Hosting a Printer for Easy Setup
If you have more than one computer to setup for your unsupported network printer, you can easily follow the same instructions you followed for the first computer to get the rest of your computers running. Or, you can follow the instructions in this section to have a host computer do all of the hard work, and make setting up all of your other computers as easy as adding a “supported” computer.
Note: of course, the “host” computer will act as a print server, and as such will have to be turned on any time you wish to print from another computer.
We’ve already done the work of setting up a RIP – a raster i mage processor – on one machine. This was Ghostscript, which converts Postscript into a printer language, or raster image. We also already know that Mac OS X is perfectly happy generating Postscript code, without any special setup. And finally, of course, the Mac OS is a model network citizen, being based on a network operating system. We can combine all of these attributes to make non-supported printer setup that much easier on your other systems.
What we will do:
- Allow a computer you’ve already setup according to this guide to accept and process remote printing requests from other computers, including Mac OS X, pre-Mac OS X, and Windows systems, and probably any system that can print GhostScript via LPR.
- Setup the other computers to print to this host computer using a Postscript printer driver.
Identify Other Computers (Part One)
First we need to setup the NetInfo database so that it understands who the remote machines are. We’re going to define a name to go with each machine. Of course, if all of your machines are on DNS on your LAN, than you can probably safely skip this step.
Use this example NetInfo Manager screenshot to add your remote machines, i.e., machines that you want to give permission to print to the host.
As you can see, we’re in NetInfo’s /machines path. The only properties that you need are a name for each remote machine, as well as the machine’s IP address. The example shows my WinXP box at 192.168.1.103 being known locally as winbox.
Note: if you’re on a DHCP server without a DNS system, there’s a possibility that every time you power cycle your computers, they will have a different IP address. Honestly, though, this shouldn’t be a big concern, since the DHCP specification indicates the IP address “leases” should always be renewed to the previous IP address if at all possible. In my home network of 5 devices, for example, none of the machines have ever changed IP addresses on me.
Note: if you’re on a DNS system, you don’t need to do this step, because your host will use the local DNS system to learn who the other machines are.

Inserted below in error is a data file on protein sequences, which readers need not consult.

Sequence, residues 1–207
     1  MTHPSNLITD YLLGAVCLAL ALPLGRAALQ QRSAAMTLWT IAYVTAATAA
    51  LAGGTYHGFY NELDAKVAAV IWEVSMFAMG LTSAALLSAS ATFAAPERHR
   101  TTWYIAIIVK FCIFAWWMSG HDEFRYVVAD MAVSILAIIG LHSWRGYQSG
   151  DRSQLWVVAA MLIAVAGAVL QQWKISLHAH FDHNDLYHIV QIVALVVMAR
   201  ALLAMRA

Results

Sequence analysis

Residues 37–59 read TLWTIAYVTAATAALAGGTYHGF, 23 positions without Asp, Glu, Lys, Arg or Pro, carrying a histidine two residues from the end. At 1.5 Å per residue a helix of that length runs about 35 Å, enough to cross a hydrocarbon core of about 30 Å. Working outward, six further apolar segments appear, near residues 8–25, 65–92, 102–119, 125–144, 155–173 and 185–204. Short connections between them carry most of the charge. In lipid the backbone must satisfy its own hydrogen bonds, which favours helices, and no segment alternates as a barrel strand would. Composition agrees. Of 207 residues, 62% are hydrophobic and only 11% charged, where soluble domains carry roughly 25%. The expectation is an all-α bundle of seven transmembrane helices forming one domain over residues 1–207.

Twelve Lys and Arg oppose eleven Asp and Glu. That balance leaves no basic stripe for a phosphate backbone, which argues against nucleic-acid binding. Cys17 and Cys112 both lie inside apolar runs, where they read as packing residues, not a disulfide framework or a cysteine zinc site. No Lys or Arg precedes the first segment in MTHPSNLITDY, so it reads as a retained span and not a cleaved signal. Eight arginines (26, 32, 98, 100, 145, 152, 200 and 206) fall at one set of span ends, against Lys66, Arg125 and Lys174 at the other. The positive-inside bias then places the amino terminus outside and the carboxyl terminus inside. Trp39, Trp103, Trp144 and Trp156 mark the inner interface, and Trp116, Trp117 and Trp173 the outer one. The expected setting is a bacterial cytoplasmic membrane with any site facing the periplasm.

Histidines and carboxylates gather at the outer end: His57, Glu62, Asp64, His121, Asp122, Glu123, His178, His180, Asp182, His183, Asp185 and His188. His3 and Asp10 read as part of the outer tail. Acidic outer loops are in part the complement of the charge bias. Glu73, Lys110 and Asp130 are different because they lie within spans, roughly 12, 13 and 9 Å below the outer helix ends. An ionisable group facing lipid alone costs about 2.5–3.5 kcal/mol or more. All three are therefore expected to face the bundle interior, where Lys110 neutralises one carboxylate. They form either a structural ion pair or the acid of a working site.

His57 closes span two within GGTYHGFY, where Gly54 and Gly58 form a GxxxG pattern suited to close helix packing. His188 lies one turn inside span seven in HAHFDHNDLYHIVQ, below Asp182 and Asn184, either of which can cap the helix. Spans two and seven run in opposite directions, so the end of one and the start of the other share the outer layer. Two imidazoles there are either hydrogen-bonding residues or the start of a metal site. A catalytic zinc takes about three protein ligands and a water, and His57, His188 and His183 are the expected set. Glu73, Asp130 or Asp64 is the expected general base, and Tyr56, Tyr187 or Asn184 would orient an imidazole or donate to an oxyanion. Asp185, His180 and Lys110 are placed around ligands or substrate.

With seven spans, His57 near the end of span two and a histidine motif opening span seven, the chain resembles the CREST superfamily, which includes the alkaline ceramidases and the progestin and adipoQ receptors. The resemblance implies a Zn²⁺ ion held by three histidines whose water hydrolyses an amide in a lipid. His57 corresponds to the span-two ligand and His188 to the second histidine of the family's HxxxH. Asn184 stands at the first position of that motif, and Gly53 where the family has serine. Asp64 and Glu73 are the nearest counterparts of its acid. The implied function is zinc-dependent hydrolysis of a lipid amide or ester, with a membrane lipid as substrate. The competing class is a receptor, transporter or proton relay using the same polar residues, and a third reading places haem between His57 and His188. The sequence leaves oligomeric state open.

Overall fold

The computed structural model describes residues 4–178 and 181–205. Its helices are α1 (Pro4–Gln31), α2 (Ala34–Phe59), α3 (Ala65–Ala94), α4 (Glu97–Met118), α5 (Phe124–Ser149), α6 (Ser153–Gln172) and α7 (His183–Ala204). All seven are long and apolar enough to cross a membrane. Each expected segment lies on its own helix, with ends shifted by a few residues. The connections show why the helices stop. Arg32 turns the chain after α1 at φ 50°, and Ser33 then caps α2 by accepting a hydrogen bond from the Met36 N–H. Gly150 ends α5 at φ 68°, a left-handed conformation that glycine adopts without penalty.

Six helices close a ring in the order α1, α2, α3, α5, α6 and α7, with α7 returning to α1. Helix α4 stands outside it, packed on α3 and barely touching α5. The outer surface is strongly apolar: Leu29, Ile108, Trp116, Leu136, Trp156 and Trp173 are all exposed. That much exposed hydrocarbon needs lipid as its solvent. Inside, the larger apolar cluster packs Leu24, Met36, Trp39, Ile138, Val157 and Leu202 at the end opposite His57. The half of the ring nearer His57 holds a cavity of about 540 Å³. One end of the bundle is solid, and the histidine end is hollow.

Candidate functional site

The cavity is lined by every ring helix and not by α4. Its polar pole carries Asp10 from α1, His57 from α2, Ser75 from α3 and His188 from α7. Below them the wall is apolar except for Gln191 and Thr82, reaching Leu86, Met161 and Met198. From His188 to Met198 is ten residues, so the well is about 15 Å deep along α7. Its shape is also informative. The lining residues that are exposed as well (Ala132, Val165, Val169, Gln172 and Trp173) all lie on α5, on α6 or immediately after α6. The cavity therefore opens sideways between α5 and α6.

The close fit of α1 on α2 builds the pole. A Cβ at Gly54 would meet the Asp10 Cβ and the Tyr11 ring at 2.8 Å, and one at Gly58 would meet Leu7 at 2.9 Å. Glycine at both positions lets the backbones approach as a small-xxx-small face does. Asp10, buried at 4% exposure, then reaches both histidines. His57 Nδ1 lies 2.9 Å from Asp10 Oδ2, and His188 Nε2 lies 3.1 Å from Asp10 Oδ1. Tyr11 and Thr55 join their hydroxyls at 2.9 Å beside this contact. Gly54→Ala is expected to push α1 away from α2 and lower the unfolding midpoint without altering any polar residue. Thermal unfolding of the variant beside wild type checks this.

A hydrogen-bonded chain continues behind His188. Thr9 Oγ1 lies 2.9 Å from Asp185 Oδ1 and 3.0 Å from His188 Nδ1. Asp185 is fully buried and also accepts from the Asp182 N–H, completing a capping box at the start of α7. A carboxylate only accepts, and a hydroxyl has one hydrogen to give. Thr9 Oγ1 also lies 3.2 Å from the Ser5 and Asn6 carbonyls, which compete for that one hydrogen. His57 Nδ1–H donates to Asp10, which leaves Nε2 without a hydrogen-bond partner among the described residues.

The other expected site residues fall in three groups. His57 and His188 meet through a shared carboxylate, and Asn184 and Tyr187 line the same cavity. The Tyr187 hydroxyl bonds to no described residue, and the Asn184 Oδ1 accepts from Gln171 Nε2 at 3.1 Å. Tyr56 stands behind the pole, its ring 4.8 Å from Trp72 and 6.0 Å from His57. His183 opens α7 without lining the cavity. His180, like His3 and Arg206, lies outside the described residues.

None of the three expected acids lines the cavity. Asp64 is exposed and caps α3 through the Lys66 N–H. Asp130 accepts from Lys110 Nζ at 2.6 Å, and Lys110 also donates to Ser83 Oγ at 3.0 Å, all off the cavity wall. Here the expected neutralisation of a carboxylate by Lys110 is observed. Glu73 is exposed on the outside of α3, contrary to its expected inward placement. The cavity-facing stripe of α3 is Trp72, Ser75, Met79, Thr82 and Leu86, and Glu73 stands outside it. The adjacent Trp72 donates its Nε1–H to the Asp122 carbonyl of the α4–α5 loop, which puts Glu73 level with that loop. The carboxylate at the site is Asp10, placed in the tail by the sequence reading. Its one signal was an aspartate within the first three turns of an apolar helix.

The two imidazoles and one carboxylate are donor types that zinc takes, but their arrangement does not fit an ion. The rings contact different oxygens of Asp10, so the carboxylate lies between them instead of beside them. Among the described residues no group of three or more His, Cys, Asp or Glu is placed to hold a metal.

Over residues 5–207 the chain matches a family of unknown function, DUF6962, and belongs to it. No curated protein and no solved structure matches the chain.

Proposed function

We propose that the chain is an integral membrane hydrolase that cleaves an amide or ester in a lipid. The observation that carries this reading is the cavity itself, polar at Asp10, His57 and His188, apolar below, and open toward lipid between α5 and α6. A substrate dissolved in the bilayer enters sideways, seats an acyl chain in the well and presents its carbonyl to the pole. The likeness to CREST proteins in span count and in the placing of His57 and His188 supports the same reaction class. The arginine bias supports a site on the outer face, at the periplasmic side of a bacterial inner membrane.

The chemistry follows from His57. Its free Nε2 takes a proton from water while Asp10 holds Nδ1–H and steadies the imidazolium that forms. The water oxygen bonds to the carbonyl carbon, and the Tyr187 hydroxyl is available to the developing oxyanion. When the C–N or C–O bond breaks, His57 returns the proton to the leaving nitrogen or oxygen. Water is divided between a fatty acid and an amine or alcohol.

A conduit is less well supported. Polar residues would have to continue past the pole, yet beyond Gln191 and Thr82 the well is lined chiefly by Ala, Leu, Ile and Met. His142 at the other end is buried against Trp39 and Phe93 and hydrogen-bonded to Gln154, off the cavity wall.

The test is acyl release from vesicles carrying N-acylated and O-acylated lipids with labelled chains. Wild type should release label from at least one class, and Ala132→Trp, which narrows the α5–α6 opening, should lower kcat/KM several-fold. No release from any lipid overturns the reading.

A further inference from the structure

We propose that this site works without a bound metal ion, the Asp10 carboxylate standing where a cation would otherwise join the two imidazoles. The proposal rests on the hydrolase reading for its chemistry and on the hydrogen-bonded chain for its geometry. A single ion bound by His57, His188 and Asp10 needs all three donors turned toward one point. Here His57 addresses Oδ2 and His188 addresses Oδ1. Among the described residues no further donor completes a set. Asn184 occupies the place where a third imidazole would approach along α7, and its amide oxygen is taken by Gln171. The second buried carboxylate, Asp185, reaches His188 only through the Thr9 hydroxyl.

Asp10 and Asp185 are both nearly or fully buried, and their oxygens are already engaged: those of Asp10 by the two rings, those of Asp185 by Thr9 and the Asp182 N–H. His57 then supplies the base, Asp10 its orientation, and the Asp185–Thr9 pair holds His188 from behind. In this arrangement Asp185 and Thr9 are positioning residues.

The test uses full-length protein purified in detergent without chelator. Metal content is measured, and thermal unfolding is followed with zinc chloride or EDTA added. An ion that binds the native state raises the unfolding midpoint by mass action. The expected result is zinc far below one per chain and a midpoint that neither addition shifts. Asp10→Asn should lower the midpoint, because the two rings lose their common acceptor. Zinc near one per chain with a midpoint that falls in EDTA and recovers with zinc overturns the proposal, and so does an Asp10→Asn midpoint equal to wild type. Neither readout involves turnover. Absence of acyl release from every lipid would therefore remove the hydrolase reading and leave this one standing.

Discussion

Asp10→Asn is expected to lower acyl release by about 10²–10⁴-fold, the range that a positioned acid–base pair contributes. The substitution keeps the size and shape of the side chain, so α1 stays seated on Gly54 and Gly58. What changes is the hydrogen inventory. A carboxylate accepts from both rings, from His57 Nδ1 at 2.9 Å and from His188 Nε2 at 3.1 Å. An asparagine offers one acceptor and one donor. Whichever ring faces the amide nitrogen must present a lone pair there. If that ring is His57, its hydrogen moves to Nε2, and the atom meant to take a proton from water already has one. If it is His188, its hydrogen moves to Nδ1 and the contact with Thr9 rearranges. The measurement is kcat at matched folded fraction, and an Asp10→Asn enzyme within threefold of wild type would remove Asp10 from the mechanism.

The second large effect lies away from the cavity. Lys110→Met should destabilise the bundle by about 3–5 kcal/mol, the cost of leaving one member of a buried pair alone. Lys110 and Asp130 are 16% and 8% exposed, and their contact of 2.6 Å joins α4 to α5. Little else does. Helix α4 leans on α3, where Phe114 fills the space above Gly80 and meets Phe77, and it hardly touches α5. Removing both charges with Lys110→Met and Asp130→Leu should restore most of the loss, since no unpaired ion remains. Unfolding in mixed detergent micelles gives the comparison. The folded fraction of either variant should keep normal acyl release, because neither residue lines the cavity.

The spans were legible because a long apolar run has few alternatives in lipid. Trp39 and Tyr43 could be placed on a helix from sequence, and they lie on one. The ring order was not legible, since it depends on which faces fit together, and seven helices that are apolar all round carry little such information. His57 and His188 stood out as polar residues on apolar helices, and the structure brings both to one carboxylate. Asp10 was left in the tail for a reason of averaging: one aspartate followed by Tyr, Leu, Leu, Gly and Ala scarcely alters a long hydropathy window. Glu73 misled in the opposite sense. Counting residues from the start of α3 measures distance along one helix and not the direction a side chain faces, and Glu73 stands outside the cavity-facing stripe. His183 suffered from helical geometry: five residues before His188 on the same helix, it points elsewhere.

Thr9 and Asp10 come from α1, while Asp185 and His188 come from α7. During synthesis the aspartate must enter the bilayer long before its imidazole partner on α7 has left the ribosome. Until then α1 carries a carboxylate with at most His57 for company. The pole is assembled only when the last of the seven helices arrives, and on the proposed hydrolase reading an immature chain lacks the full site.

Note: once you’ve set this up, you can use the name of the other machines anywhere in the Mac OS instead of the IP address. Try ping winbox in the terminal, for example.
Identify Other Computers (Part Two)
Next, we need to give the LPD system permission to accept jobs from the other machines that we’ve just identified. In the terminal, make sure you sudo to root, and type
If you’ve decided to use the official LPRIOM.plugin file, you’re already familiar with this step. Simply type the machine names that you’ve put into NetInfo, e.g.:
localhost powerbook winbox
This example gives the machines called localhost, powerbook, and winbox permission to print on the host machine.
Now may be a good time to restart the computer to make sure that the LPD system properly restarts, although if you want to restart it manually, do as root:
/usr/libexec/lpd -l lpc restart ghostscript
Of course, this assumes that you want the ghostscript queue to be the one responsible for handling the incoming requests.
Note: adding IP addresses to the /etc/hosts.lpd file should work, but it doesn’t seem to in my case. That’s why we have the extra step of adding machine names to /machines.
Setup the Other Computers to Print to the Host
From your other Mac OS X computers, use the Print Center and choose Add Printer. Make sure you select the LPR Printers using IP option, and follow this example:
The printer address is the IP address of the printer host. If you have DNS or have setup a /machines entry in NetInfo for the host computer, you can use that name instead of the IP address if you wish.
Make sure you do not use the default queue on the server; instead, you want to use the name of the print queue that will handle the Postscript-to-printer-language conversion. If you’ve followed the recommendations in this guide, that will be ghostscript.
Print from the remote machine. You should eventually have some output.
Here’s a summary of what happens:
- You print via Postscript from a remote machine to a properly-configured host machine.
- The host machine’s print queue processes its output filter, which converts the Postscript using Ghostscript.
- This is passed back to the network to the network printer.
- You’ve done the “hard work” of configuring Ghostscript on but a single computer; you’ve very easily printed from another computer without doing any special work at all.